The only other trip to New Orleans that I’ve made happened back in 2003, a sojourn to the city to watch Syracuse capture its first and only basketball national championship. That entire extended weekend is only a blur in my memory, with very specific moments — high-fiving Jim Boeheim on Bourbon Street; breaking up a fight with Sean McDonough; talking to some weird Mississippi State fan about the history of the cowbell in Starkville — clanking around in my melon. There is one event, however, that I will never forget, and it happened at Pat O’Brien’s, an establishment that slings hurricanes in a manner that could turn even the most elitist cocktail snob into a joyful imbiber: Following the Orange’s defeat of Kansas, my friends and I headed to Pat O’Brien’s for celebratory pops; short on cash and not wanting to leave the bar, I traded the “Real Men Wear Orange” shirt I was wearing — a shirt that probably hadn’t been washed for the better part of three months — to a bartender for a hurricane. The Soccer Jersey swap remains one of my favorite efforts in “There’s No Way This Will Possibly Work, Yet . . .” and the result is that Pat O’Brien’s will always be linked to Syracuse’s title, if only in a hyper-personal way.

Dinner options were a black hole for us — with our body clocks twisted into an Escher rendering, the early New Orleans evening felt like the far reaches of the night given our early flights and the time zone switch. To the rescue came Casual Hoya, a resident of New Orleans and, despite his tainted heart as a Hoya, generally good cat. His recommendation for the final face-stuffing of the day was an absolute banger of a restaurant — Cochon.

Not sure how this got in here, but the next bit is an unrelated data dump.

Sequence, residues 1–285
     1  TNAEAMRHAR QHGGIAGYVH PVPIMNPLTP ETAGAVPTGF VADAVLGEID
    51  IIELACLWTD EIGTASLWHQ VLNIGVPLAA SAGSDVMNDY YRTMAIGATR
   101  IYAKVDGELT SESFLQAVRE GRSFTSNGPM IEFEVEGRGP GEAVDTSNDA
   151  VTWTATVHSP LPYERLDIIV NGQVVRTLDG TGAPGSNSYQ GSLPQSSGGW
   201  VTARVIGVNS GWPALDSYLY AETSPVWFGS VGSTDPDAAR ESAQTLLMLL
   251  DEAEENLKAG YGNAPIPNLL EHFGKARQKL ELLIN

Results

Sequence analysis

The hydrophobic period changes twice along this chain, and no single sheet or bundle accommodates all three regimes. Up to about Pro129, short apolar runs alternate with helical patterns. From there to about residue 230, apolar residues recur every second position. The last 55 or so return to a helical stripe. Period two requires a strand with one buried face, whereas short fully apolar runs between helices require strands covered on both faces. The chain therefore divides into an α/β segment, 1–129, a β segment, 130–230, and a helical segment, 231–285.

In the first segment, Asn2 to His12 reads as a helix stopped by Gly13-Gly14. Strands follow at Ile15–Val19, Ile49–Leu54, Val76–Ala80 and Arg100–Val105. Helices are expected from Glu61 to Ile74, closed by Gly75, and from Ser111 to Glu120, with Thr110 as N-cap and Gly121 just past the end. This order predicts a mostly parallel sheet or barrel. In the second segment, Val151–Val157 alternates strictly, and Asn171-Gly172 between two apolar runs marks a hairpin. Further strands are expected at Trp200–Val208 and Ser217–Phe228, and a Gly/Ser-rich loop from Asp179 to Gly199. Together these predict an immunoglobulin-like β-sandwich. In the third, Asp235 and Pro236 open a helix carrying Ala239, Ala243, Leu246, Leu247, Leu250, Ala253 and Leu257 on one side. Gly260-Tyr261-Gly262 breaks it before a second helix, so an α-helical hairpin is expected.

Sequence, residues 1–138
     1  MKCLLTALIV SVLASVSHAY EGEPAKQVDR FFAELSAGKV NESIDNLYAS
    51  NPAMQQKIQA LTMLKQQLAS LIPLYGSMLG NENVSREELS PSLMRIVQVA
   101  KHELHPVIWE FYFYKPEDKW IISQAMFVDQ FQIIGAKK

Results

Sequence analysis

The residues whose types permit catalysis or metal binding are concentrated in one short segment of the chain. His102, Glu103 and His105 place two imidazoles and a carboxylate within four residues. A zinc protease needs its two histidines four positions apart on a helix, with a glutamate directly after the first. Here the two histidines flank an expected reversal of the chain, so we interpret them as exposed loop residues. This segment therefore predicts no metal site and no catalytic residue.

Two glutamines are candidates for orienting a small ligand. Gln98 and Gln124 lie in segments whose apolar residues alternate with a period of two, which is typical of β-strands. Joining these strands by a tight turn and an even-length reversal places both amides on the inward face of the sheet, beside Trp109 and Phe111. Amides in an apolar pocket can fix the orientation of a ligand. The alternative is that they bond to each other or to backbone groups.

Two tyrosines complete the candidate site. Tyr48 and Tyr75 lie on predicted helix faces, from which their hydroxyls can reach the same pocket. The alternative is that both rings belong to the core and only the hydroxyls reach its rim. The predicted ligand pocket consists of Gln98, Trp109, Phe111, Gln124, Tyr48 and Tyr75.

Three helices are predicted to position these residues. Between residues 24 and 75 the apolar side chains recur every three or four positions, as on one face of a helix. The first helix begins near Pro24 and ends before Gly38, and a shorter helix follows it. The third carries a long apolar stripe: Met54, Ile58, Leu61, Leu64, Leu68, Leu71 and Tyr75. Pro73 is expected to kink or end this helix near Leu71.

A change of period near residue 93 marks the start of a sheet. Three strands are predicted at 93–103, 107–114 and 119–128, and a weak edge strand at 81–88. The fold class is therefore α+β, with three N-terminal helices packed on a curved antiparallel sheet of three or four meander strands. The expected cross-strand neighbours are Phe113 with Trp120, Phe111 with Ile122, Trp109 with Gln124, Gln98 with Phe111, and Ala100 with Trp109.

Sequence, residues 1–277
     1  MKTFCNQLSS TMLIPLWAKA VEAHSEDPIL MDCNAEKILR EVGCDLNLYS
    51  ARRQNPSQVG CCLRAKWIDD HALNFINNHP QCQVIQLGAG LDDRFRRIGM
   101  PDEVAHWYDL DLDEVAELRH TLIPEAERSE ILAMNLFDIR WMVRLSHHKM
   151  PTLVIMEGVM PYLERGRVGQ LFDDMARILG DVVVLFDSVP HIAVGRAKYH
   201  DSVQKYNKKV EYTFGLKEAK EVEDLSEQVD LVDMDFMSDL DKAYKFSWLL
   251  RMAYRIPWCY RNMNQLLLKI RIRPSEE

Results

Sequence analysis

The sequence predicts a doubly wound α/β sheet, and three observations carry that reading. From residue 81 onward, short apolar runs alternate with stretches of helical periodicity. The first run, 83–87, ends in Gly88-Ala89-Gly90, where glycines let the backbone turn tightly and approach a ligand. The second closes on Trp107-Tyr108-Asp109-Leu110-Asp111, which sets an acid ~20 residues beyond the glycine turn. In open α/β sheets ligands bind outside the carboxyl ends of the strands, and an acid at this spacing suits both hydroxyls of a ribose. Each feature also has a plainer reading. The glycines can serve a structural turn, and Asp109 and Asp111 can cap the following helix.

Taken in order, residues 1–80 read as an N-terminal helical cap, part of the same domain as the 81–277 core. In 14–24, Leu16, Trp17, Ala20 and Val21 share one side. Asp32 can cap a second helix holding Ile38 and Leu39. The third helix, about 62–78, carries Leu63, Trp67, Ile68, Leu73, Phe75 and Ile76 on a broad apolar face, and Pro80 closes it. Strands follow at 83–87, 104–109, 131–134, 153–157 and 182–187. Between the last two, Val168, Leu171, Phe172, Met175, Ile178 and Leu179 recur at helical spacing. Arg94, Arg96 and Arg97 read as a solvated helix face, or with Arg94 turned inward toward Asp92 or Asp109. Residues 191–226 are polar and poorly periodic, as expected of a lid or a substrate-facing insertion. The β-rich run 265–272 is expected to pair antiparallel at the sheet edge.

We got a little bit of everything: A meat pie to start — similar to tourtière for those with French-Canadian heritage (the best kind of heritage there is) — and then came the featured players: Smoked beef brisket with horseradish potato salad; an oyster and bacon sandwich that looked like it was built in a factory that had as its sole purpose to try and kill someone with lethal levels of deliciousness; and pork cheek with a massive side of macaroni and cheese.

This all, although it’s difficult to confirm through traditional science, was delivered directly from Heaven. There is nothing that we ate, looked at, smelled, or lusted over that bent toward a notable blemish. There are things that enter your field of vision that you never want to disappear; my eyes want to inhale Cochon permanently.

Baton Rouge, You Have No Idea What It Is and You Should Shove It All in Your Face

A tour of Louisiana State’s tailgate cuisine, a brief melody in two scenes:

  1. “Hey, you want some gumbo?” This is Dave, patriarch of our Carrier Dome tailgates. He appeared behind me as I watched Arkansas and Texas A&M go nuts on a television set in a two-tent set up, the owners of which invited us over after I asked them if Baton Rouge always feels like a steampot or if this was a special gift to the Northeast’s palest football fans. Dave went to take a squirt (the portable toilets at LSU are air conditioned in case you want to be reminded that this country is full of geniuses) and, on his way back, was offered and accepted a bowl of what I can only determine was red-brown. When Dave pressed the tailgate master why he cooks, basically, hot stew when it’s 90* out with 200% humidity, his only response was to tell Dave it was sanitary. The jambalaya was good, although I have no idea what was in it.
  2. “Y’all need a drink? Y’all want some food?” This is [man with a thick accent wearing a long-sleeved collared shirt in the terrifyingly hot mid-afternoon sun]. He has invited Dave and I to eat something out of a massive stainless steel pot with a ladle that could be used to serve a high class hippo. He tells us that there’s “pasta and some other stuff in it.” I have no idea what this means, but it’s too late to ask because he’s already hurrying to get us splits of Bud Light. (Important note to self: Splits still exist and were not erased from the planet after 44’s closed.) The — soup? pasta? — was spicy and strong, and you could put a gun to my head and I’ll never know what I actually ate.